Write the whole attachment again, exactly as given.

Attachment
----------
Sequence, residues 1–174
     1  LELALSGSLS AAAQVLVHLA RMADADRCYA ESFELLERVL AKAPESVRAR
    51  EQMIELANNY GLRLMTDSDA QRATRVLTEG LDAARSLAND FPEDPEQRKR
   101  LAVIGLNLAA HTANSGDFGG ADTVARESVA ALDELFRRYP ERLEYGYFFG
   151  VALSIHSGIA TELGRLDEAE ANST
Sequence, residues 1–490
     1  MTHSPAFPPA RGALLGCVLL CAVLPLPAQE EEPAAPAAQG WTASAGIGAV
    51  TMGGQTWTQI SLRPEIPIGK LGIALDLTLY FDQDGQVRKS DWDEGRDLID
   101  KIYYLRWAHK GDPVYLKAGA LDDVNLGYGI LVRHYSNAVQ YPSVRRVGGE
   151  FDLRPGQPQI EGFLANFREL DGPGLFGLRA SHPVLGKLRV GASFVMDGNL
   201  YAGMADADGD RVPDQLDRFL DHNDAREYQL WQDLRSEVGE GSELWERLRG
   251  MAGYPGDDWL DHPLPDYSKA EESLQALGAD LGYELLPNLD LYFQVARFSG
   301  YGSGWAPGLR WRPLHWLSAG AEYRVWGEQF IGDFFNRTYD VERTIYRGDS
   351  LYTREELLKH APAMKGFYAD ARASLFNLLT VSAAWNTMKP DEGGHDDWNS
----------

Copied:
Sequence, residues 1–174
     1  LELALSGSLS AAAQVLVHLA RMADADRCYA ESFELLERVL AKAPESVRAR
    51  EQMIELANNY GLRLMTDSDA QRATRVLTEG LDAARSLAND FPEDPEQRKR
   101  LAVIGLNLAA HTANSGDFGG ADTVARESVA ALDELFRRYP ERLEYGYFFG
   151  VALSIHSGIA TELGRLDEAE ANST
Sequence, residues 1–490
     1  MTHSPAFPPA RGALLGCVLL CAVLPLPAQE EEPAAPAAQG WTASAGIGAV
    51  TMGGQTWTQI SLRPEIPIGK LGIALDLTLY FDQDGQVRKS DWDEGRDLID
   101  KIYYLRWAHK GDPVYLKAGA LDDVNLGYGI LVRHYSNAVQ YPSVRRVGGE
   151  FDLRPGQPQI EGFLANFREL DGPGLFGLRA SHPVLGKLRV GASFVMDGNL
   201  YAGMADADGD RVPDQLDRFL DHNDAREYQL WQDLRSEVGE GSELWERLRG
   251  MAGYPGDDWL DHPLPDYSKA EESLQALGAD LGYELLPNLD LYFQVARFSG
   301  YGSGWAPGLR WRPLHWLSAG AEYRVWGEQF IGDFFNRTYD VERTIYRGDS
   351  LYTREELLKH APAMKGFYAD ARASLFNLLT VSAAWNTMKP DEGGHDDWNS